Wednesday, August 30, 2017

Get Cozy with a New Mystery

Cozy mystery novels have long been among my favorite reading material, and it's always fun to find a new series to follow. Today's guest in My Writing Corner is author LeeAnn Betts, who writes cozy mystery novels, while her real life persona, Donna Schlacter, writes historical suspense.

LeeAnn has released five titles in her cozy mystery series, By the Numbers. Her latest book, Hidden Assets,  was released in June and it sounds like just the right title to end the summer reading season.

Let's have a look at Hidden Assets. 

Carly Turnquist, forensic accountant, responds to a call from her friend, Anne, who is in the middle of a nasty divorce, and travels to Wyoming to help find assets Anne thinks her husband has stolen. But the mystery begins before Carly even arrives when she sees a man thrown off a train. Except there’s no body. Husband Mike uncovers an illegal scam in a computer program he has been asked to upgrade, and then Anne is arrested for her ex’s murder. 

Can Carly figure out what’s going on, and why a strange couple is digging in Anne’s basement? Or will she disappear along with the artwork, coins, and money?
This calls for more!  Here's an excerpt:

Carly pushed through the door into the small foyer between cars, and paused. The sun was well set now, and their train seemed to be slowing. She stepped nearer the window and raised the glass. A porter passed by, and she turned to him. “Excuse me, why are we stopping?”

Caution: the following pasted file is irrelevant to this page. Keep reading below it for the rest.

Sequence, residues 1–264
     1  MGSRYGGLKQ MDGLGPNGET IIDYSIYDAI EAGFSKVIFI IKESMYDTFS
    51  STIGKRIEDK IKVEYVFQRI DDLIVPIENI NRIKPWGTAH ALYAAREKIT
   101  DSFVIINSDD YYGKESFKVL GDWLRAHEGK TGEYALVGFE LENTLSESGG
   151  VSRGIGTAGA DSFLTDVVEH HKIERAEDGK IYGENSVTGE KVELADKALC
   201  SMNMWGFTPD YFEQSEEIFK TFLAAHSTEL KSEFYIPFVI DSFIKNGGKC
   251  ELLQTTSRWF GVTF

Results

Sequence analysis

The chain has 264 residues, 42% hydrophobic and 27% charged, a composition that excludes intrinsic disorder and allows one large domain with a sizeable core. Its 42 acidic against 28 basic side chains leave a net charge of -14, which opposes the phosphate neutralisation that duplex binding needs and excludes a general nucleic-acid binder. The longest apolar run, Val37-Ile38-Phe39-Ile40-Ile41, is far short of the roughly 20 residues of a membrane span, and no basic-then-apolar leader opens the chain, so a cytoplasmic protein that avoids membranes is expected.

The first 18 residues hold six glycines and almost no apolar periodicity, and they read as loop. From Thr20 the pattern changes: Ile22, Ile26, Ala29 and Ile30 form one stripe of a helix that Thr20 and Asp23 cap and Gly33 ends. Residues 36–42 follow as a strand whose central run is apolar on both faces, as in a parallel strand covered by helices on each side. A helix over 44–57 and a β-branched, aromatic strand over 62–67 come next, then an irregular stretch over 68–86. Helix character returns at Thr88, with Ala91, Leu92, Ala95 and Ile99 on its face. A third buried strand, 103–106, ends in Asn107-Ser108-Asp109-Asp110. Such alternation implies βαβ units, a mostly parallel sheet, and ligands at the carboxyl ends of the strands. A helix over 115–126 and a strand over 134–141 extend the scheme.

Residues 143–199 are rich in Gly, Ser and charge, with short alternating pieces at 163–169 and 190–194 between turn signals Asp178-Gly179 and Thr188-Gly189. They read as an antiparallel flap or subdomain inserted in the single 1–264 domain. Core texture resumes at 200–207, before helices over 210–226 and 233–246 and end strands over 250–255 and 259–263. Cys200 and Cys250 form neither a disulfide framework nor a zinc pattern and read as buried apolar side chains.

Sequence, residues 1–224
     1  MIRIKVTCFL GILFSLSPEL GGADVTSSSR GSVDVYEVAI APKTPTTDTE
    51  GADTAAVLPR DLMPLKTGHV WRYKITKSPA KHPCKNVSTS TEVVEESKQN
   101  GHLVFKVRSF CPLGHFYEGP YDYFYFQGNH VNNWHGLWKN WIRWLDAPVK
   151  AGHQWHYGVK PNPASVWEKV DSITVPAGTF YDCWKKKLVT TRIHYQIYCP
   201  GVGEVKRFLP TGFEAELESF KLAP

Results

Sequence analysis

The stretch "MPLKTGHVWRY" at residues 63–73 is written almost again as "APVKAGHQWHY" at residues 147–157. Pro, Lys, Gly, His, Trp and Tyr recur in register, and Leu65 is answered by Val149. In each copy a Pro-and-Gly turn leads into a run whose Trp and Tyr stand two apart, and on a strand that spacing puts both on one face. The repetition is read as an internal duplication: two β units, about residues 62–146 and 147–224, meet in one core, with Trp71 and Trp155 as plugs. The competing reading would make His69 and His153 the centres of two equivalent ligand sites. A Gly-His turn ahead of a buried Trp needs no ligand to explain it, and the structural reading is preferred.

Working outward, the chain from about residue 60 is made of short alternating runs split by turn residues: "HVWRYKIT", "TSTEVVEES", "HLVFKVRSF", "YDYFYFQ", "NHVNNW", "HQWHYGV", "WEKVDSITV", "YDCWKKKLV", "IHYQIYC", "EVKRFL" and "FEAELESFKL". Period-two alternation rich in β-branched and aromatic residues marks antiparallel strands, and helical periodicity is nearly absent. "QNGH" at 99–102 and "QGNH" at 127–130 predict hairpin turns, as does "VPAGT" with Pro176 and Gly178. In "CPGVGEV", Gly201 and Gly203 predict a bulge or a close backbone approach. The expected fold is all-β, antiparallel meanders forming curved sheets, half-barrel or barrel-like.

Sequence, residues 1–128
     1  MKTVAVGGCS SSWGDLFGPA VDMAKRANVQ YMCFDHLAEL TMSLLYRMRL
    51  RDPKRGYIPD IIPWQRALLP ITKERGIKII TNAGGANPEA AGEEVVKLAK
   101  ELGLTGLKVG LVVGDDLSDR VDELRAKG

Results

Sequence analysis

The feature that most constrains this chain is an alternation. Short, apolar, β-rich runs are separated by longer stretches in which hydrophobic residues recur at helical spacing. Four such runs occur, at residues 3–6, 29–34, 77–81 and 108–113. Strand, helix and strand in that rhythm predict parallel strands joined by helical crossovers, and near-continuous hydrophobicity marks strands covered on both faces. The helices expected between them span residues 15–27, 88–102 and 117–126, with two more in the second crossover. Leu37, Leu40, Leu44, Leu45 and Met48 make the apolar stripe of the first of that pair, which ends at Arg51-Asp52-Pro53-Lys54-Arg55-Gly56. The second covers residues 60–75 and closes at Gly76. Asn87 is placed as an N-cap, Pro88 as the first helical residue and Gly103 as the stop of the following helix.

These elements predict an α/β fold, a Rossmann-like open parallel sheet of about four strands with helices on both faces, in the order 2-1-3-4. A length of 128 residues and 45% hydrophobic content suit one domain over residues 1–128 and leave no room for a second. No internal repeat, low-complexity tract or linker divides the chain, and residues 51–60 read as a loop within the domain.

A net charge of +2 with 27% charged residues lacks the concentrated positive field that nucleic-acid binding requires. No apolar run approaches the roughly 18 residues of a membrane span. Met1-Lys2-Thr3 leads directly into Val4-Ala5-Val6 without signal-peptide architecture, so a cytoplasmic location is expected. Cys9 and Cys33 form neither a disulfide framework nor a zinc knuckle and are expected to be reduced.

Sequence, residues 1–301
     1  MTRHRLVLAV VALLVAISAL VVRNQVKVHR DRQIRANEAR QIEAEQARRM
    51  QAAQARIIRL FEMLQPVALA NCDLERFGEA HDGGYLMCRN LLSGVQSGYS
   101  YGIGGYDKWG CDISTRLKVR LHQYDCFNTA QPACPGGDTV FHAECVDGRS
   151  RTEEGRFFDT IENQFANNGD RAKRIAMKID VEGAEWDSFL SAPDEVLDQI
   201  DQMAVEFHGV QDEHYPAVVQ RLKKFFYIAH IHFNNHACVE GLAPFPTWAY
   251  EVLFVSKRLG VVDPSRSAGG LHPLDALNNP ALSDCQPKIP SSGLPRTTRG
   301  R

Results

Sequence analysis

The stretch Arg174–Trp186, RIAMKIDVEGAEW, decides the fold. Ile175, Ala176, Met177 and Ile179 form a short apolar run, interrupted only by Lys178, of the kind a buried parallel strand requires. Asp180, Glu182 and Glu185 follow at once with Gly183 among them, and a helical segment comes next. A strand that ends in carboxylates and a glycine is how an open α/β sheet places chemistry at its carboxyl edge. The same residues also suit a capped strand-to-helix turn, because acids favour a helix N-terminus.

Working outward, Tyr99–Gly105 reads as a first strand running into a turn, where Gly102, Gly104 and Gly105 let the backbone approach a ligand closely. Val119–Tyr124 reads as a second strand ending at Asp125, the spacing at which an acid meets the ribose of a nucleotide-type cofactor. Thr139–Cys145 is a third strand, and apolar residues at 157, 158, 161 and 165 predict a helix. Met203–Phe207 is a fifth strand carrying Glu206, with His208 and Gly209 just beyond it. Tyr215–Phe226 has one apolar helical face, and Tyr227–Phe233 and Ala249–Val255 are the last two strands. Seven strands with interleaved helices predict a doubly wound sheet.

“Nothing serious, Miss. Just to let the express westbound train pass.”
“Okay, thank you.”
She turned back and breathed in the smells and sights of the train. Diesel. Squealing brakes. The smell of hot metal. Cool evening air. Apparently, May in Wyoming wasn’t as warm as May in Bear Cove. And as the train settled to a halt, the hissing of steam, the groaning of metal coming to rest.
Faint at first, then building in volume, metal wheels on metal tracks drew closer. A train horn, low and mournful, recognizable anywhere, sounded from behind her train. And then the westbound express streamed past. In one of the passenger cars, a small boy waved at her, and she waved back. In another, somebody pulled down the blind. In yet another, two men struggled on an open platform between two cars before one fell over backwards on the opposite side of the train. The remaining man peered over as he gripped the ladder leading to the roof of the car, then adjusted his jacket and stepped back inside the car.
She gasped. And blinked. And craned her neck to look at the train passing by again.
Had she seen what she thought she saw?
Surely her overactive imagination was simply playing tricks on her.
And if not, somebody would raise the alarm and stop the express train.